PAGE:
Sir Kenneth Branagh joins us to discuss his new film "Belfast," which he directed and wrote. The movie is loosely based on his childhood in Northern Ireland during the late '60s. And, a hand signal popularized on TikTok is credited with saving a North Carolina teenager who'd been reported missing by her parents. Andrea Gunraj of the Canadian Women'…
 
So UNFCCC calls this summit every year with the agenda of global agreement on the fight against climate change. And 197 countries, which means the entire world became its member party and it was agreed that we are required to limit the rise of temperature by 2 degree celsius. And for the same reason, the annual meet started to happen. Now this ever…
 
Rupert Murdoch's company News Corp has recently rolled out an editorial campaign in tabloids in Australia playing up the need to cut global warming emissions by 2050. The coverage is a sharp turn for the Murdoch outlets, which for years have been peddlers of climate denial. Researcher Gabi Mocatta joins us. And, author Louise Erdrich talks about he…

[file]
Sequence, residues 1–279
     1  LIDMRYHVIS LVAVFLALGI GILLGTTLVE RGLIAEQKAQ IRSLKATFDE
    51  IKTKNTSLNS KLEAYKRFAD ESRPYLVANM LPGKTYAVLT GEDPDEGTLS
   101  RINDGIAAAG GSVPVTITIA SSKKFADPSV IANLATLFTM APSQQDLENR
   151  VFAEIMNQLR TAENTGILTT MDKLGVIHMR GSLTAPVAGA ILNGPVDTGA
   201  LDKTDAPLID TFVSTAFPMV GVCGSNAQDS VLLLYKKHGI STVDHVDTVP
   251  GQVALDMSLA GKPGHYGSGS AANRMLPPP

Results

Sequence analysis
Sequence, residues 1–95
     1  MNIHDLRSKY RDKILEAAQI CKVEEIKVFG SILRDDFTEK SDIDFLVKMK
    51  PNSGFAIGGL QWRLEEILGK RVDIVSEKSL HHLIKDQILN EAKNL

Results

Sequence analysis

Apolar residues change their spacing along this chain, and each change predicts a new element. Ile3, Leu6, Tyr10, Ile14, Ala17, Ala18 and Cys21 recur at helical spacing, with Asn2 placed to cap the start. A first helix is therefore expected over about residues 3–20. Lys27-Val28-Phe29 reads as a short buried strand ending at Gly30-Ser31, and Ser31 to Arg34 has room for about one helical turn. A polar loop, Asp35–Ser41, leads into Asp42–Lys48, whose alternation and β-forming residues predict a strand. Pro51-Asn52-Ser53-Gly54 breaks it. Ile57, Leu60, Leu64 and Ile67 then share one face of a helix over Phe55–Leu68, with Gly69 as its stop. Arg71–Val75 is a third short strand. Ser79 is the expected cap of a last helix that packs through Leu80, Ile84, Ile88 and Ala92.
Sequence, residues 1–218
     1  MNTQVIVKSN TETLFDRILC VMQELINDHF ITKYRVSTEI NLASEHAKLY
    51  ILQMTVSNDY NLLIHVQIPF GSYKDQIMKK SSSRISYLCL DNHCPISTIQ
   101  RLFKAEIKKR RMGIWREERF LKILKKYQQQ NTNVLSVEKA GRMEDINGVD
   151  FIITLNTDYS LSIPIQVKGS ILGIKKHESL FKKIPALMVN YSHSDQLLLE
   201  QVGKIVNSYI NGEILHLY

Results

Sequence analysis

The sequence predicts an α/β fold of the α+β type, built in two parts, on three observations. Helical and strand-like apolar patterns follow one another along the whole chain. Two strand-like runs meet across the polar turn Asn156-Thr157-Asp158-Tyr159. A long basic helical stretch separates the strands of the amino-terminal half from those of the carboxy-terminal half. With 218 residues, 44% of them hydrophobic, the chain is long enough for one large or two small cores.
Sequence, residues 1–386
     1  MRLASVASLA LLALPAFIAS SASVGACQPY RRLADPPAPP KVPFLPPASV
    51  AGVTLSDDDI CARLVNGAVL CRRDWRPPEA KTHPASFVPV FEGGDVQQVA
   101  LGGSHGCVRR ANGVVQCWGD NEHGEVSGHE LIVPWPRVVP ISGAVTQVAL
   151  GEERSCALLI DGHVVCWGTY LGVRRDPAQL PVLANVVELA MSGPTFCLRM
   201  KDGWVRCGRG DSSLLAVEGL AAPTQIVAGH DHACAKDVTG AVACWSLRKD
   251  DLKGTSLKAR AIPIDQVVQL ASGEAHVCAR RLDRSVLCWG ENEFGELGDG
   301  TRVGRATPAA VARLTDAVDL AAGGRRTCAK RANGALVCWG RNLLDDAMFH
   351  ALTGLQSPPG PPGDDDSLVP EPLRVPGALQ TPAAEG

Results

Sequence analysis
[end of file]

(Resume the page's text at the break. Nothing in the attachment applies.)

Journalist Porter Fox talks about his new book, "The Last Winter: The Scientists, Adventurers, Journeymen, and Mavericks Trying to Save the World." The book documents retreating snow and ice around the planet. And, viewfinders at parks in Tennessee allow people with colorblindness to see the many hues of fall. Blake Farmer of WPLN reports.…